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Module 2 How to design Computer Language

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Module 2 How to design Computer Language

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Module 2

How to design Computer Language

Huma Ayub

Software Construction

Lecture 9

- Definition
- Two regular expressions are said to be equivalent if they generate the same language.
- Example
- Consider the following regular expressions
- r1 = (a + b)* (aa + bb)
- r2 = (a + b)*aa + ( a + b)*bb then both regular expressions define the language of strings ending in aa or bb.
- Note
- If r1 = (aa + bb) and r2 = ( a + b) then
- r1+r2 = (aa + bb) + (a + b)
- r1r2 = (aa + bb) (a + b)
- = (aaa + aab + bba + bbb)
- (r1)* = (aa + bb)*

- The language generated by any regular expression is called a regular language.
- It is to be noted that if r1, r2 are regular expressions, corresponding to the languages L1 and L2
- then the languages generated by r1+ r2, r1r2( or r2r1) and r1*( or r2*) are also regular languages.

- Note
- It is to be noted that if L1 and L2 are expressed by r1and r2, respectively then the language expressed by
- r1+ r2, is the language L1 + L2 or L1 ∪ L2
- r1r2, , is the language L1L2, of strings obtained by prefixing every string of L1 with every string of L2
- r1*, is the language L1*, of strings obtained by concatenating the strings of L, including the null string.

All finite languages are regular

- Example
- Consider the language L, defined over Σ = {a,b}, of strings of length 2, starting with a, then
- L = {aa, ab}, may be expressed by the regular expression aa+ab. Hence L, by definition, is a regular language.
- Note
- It may be noted that if a language contains even thousand words, its RE may be expressed, placing ‘ + ’ between all the words.
- Consider the language L = {aaa, aab, aba, abb, baa, bab, bba, bbb}, that may be expressed by a RE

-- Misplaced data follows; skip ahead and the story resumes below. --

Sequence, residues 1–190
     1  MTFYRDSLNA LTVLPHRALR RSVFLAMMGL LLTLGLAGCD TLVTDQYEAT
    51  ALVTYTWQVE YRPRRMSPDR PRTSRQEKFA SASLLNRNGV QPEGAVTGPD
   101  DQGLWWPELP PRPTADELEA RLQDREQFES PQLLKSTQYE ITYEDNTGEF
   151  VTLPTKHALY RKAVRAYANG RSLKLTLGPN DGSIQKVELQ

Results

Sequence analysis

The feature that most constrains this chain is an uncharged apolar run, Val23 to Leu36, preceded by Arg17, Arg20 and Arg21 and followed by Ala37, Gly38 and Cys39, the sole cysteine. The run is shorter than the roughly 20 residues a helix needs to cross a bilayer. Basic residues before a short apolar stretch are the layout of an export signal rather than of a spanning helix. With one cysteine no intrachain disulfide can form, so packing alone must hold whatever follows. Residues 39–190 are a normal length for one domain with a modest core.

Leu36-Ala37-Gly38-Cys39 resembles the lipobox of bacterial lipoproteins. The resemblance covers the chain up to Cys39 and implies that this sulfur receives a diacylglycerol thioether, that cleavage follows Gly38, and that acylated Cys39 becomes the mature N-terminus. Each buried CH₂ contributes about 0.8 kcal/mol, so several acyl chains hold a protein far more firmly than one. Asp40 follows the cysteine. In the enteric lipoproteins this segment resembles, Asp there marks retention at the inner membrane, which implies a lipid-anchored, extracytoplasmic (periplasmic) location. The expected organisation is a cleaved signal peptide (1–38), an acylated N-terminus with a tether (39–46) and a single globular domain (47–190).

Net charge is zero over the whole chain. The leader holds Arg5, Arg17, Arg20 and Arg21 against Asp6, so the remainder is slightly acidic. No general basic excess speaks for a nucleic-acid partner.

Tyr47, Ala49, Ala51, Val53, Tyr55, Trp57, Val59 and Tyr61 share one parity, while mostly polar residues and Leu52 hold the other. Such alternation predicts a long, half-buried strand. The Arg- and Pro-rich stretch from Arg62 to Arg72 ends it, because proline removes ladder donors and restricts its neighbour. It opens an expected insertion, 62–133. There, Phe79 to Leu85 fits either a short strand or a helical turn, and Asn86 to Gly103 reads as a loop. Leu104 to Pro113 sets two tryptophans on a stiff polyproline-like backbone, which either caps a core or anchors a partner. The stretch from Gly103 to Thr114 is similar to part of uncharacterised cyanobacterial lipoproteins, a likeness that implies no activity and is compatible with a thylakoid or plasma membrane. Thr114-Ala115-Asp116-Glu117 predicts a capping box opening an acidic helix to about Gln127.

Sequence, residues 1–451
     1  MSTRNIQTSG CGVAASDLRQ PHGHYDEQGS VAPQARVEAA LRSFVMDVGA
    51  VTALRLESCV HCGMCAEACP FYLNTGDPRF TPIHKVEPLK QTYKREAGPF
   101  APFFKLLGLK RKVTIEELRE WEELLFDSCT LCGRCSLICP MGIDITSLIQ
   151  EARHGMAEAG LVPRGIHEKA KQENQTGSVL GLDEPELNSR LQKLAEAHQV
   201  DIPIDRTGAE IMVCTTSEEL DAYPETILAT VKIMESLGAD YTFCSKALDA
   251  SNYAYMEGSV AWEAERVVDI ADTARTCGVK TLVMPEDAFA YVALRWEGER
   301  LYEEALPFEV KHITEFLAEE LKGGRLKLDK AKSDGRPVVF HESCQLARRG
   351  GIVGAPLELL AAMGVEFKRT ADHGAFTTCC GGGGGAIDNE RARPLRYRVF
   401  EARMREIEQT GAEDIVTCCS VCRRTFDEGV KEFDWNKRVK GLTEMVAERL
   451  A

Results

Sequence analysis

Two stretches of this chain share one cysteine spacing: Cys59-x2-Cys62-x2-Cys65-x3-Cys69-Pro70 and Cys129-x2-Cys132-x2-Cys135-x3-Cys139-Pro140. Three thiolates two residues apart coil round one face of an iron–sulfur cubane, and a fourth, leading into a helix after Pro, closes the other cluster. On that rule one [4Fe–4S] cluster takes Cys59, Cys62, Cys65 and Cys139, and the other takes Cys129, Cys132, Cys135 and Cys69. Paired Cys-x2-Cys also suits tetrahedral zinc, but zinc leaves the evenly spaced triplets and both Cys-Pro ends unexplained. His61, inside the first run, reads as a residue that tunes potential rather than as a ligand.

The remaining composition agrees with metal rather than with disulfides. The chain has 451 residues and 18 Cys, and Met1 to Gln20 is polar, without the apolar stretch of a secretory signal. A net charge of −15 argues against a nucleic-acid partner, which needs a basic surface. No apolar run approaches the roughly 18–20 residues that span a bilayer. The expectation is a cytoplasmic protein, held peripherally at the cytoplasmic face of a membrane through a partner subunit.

- aaa+aab+aba+abb+baa+bab+bba+bbb, which is equivalent to (a+b)(a+b)(a+b).

- The languages can be defined in different ways, such as
- Descriptive definition
- Recursive definition
- Regular Expressions(RE)
- Finite Automaton(FA)

- A Finite automaton (FA), is a collection of the followings
- Finite number of states, having one initial and some (maybe none) final states.[e.g: arrangements]
- Finite set of input letters (Σ) from which input strings are formed. .[e.g: pair of dice generated numbers 2, 3, 4 …..]
- Finite set of transitions i.e. for each state and for each input letter there is a transition showing how to move from one state to another.[e.g rule how to move form arrangement to another on particular number]

- Σ = {a,b}
- States: x, y, z where x is an initial state and z is final state.
- Transitions:
- At state x reading a, go to state z
- At state x reading b, go to state y
- At state y reading a, b go to state y
- At state z reading a, b go to state z

Summary

Different notations of transition diagrams, languages of strings

of even length, Odd length, starting with b, ending in a,

beginning with b, not beginning with b, beginning and

ending in same letters.

- It may be noted that to indicate the initial state, an arrow head can also be placed before that state and that the
- final state with double circle, as shown below. It is also to be noted that while expressing an FA by its transition
- diagram, the labels of states are not necessary.

- Σ = {a,b}
- States: x, y, where x is both initial and final state.
- Transitions:
- At state x reading a or b go to state y.
- At state y reading a or b go to state x.

Acceptance :aa,bb, ab,ba,aaaa,aabb,…

Rejection: a b aaa bbb aab bab…….

What about null string ??? Is it part of language yes / no

- Regular expression:
((a+b)(a+b))* Even-Even length

GUESS : Is there requirement of Null String ??? Y/N

- Consider the language L of strings, defined over Σ={a, b}, ending in a. The language L may be expressed by
- RE (a+b)*a.

RE (a+b)*a

Is there requirement of Null String ??? Y/N

Given FA language guess???